I am sorry for your loss and truly understand the process of grieving. If you allow your hurt to continue, you will punish yourself for the rest of your life-time and will not make peace with your very sad loss.

Can you go to the special place and speak to your DF in your mind to see if you can reconcile yourself and accept that what is done is done?

Lollirot Sun 09-Aug-15 16:34:40

My DF passed away last November, my GF in April. The ashes weren't scattered together no, on two separate occasions.

How it happened was we collected my GF's ashes (I was asked along to do this and to be involved in the scattering of the ashes) we scattered some with his DSister and some on his DM and DF's grave. We got in the car and I assume we are going home as I was already aware that my Aunties, Uncle and a few cousins were holding onto some of my GF's ashes. We pulled up to where my DF was scattered...this was the first I knew about it. Prior to that day I had spent 5 days with my Aunt and Uncle, cleaning and emptying my GFs flat, speaking with funeral directors and cleaning his DM and DF's grave ready for his ashes. At no point over those 5 days did they mention that they planned to scatter some of the ashes with my DF...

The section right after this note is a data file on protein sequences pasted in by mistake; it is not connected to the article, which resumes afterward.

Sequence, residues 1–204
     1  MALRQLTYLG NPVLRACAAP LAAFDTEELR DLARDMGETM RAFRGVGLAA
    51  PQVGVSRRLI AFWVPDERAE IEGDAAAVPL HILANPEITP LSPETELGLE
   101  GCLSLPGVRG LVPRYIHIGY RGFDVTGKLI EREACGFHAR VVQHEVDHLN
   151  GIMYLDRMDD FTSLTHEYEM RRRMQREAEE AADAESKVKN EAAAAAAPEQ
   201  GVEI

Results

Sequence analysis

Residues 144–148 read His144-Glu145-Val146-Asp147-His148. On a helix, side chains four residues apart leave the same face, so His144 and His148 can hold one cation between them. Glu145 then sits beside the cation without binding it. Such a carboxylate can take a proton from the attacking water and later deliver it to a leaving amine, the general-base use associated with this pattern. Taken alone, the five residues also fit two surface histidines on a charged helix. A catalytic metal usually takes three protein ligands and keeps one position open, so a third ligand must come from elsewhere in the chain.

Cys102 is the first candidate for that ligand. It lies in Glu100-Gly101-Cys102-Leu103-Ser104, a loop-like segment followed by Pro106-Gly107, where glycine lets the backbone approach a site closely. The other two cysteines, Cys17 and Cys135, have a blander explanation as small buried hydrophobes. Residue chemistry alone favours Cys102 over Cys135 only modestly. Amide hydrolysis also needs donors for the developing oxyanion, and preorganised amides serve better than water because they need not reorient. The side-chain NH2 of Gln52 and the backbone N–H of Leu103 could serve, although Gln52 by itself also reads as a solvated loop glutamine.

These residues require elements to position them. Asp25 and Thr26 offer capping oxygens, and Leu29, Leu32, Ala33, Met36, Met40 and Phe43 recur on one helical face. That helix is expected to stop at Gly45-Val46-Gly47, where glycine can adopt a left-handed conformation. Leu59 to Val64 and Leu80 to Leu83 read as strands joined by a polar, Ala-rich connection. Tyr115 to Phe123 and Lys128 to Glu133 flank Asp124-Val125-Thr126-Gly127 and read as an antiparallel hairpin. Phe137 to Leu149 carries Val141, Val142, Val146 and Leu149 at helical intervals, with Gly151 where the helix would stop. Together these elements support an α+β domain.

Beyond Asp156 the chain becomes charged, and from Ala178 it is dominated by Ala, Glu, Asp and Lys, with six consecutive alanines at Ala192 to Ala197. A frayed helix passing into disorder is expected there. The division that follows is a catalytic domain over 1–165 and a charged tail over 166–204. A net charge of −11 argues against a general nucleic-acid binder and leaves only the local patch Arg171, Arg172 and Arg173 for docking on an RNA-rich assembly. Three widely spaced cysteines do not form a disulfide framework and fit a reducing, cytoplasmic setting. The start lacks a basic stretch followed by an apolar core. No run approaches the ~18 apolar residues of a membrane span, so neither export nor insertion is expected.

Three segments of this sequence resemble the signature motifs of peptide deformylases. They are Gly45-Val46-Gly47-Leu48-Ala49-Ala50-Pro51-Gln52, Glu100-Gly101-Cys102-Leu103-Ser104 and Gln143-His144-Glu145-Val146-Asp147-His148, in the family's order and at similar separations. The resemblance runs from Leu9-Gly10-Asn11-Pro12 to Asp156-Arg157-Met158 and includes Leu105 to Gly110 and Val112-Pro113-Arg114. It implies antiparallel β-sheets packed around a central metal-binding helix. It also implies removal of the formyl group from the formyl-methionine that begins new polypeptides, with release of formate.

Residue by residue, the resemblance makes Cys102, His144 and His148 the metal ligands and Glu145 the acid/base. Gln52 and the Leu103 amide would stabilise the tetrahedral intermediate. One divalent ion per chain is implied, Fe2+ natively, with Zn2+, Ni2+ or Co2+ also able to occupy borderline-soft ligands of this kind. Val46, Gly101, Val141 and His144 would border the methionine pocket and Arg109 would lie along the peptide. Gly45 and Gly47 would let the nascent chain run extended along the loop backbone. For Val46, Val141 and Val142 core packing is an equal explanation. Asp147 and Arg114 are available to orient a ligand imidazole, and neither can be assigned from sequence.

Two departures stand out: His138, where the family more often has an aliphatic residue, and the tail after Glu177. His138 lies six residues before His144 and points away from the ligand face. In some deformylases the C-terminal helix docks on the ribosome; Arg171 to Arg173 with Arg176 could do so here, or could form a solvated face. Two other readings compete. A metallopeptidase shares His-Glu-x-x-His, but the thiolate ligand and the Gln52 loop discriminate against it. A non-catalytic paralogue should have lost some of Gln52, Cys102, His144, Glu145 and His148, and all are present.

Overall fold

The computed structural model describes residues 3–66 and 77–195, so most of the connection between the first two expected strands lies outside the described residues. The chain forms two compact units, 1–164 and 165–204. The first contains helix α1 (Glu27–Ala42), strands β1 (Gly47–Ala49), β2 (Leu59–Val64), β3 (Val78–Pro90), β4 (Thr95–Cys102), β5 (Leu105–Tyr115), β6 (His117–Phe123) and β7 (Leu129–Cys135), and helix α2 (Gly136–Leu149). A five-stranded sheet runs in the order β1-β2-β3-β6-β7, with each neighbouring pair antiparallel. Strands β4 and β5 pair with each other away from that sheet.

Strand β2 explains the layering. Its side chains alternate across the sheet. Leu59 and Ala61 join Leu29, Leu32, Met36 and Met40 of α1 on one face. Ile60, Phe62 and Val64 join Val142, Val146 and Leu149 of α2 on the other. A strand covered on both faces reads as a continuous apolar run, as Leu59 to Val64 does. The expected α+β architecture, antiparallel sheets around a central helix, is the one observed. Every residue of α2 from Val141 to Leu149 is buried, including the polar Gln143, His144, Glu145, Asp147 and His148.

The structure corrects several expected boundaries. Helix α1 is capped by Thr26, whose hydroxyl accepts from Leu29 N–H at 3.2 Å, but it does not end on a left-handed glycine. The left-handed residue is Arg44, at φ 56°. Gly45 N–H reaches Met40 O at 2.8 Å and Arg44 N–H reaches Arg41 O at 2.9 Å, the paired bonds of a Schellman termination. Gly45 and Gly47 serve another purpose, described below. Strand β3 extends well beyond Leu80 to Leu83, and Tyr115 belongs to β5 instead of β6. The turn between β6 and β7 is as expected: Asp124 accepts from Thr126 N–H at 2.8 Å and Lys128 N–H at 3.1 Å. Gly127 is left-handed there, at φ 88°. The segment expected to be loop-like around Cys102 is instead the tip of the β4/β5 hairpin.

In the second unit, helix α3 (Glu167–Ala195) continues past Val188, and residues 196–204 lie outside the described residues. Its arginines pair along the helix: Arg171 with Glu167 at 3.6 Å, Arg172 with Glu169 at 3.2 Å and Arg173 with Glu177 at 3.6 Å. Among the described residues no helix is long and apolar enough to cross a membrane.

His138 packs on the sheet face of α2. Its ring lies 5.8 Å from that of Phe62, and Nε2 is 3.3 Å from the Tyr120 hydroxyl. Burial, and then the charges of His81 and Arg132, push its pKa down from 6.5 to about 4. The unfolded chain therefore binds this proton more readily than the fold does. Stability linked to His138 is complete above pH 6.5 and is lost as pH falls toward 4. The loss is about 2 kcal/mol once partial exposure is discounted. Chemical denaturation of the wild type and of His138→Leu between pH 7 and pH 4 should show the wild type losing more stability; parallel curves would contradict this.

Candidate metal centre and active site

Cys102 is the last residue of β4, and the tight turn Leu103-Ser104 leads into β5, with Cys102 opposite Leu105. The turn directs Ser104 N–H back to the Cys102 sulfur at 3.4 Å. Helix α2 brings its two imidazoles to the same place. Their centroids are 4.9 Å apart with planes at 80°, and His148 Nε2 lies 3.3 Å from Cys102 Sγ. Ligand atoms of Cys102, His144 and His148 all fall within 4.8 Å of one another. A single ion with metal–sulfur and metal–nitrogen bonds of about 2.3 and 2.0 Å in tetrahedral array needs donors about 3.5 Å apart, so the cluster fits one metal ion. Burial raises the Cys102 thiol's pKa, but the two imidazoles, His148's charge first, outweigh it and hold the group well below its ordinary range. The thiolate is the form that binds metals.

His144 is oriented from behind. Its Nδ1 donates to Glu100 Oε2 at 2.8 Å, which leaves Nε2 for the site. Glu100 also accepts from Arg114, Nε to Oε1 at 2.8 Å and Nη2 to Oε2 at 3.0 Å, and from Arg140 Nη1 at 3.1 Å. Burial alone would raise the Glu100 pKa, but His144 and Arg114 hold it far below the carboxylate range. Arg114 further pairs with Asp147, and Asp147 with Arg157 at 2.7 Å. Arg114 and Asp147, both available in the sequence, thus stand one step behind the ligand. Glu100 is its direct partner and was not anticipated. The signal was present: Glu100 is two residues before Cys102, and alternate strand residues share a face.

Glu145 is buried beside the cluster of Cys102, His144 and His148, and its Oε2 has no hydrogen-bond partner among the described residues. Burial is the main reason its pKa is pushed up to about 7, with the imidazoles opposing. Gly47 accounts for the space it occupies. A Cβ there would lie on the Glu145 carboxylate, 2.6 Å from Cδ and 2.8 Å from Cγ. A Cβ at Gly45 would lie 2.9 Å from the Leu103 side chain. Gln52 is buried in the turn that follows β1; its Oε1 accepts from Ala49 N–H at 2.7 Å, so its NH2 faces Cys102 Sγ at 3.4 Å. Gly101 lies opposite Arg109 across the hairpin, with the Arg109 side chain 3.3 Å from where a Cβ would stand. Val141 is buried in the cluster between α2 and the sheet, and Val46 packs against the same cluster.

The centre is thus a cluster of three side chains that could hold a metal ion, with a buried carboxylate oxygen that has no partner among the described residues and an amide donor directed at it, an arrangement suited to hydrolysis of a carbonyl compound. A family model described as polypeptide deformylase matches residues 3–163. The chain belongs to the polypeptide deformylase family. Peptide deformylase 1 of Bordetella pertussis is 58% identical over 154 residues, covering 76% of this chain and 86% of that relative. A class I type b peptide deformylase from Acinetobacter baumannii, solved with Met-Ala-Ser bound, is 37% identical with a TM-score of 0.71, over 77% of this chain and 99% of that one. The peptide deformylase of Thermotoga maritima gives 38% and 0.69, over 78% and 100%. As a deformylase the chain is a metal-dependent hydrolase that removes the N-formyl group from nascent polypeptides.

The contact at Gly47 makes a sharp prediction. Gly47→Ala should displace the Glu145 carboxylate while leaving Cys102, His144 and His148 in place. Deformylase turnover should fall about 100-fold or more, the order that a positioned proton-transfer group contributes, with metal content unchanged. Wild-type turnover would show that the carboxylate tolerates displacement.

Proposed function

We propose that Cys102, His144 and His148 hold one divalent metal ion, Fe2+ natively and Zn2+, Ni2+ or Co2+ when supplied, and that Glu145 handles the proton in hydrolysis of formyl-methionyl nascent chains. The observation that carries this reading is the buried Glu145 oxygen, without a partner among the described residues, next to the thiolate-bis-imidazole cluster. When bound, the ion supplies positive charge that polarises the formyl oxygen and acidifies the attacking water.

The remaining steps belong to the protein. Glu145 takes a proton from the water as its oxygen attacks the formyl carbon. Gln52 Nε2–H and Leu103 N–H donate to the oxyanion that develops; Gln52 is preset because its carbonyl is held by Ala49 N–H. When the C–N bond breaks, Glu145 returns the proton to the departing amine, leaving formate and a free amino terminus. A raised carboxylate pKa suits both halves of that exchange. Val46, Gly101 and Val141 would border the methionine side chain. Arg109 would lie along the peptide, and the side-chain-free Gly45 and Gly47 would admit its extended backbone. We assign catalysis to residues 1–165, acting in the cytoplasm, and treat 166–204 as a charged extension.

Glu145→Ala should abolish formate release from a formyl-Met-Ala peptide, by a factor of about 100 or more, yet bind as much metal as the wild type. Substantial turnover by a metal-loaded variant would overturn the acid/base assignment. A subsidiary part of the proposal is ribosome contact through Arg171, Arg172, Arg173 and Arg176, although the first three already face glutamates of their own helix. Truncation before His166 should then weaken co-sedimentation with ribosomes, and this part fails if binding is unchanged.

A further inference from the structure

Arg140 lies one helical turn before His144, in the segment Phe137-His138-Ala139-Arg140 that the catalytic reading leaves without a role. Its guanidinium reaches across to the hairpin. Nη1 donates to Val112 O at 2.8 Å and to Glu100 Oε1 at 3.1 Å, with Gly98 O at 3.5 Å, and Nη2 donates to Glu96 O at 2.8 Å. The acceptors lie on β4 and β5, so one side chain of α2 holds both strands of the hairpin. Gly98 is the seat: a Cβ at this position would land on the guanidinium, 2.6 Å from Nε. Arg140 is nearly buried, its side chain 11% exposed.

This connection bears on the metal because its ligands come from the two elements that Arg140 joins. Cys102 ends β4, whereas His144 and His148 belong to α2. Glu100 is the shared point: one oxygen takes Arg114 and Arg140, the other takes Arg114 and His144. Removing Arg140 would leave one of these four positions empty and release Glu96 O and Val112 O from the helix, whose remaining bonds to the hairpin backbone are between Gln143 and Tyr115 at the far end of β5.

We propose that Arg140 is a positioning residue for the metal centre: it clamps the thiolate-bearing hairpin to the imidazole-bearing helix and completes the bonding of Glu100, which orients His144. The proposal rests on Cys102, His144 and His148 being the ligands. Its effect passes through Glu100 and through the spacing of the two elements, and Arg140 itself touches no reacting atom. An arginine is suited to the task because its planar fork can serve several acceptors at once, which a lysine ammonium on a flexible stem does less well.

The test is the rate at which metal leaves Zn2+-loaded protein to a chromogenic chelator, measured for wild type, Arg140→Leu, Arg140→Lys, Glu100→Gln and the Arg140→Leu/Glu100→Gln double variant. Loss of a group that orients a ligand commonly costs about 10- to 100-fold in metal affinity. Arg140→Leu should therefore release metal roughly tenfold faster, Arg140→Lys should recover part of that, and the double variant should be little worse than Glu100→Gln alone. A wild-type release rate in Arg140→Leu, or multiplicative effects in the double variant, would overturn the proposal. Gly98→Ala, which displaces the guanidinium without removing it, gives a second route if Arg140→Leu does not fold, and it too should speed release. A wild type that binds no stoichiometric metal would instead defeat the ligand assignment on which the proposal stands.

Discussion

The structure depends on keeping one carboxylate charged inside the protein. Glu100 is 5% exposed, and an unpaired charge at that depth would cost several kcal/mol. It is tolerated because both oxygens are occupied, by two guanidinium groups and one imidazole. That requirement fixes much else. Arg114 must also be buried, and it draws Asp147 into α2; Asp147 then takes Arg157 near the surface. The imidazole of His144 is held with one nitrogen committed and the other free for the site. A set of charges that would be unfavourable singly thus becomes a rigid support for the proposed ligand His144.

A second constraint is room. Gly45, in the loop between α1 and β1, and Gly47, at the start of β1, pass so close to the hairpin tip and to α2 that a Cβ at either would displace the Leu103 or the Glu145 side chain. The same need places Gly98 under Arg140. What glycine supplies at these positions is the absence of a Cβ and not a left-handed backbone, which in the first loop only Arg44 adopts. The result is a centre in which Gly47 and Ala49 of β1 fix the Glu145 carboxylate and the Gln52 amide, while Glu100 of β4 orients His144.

I understand that my belief is quite unusual, it's just the way I was raised as my DM thinks the same. I am in no way religious, very agnostic if anything but this is something that both my DM and DF discussed on so many occasions that it's stuck with me I suppose.

I don't disagree with my GF being scattered in more than one place, that was never a decision I was interested in making. Just that given the amount of time we had all spent together surely they could have mentioned it? Although it has hurt me I don't feel that I would have ever objected to their decision to scatter my GF with my DF.

I had never thought of the possibility of them reconciling in some sort of after life, sadwidow. Thank you for that, I find that idea really comforting.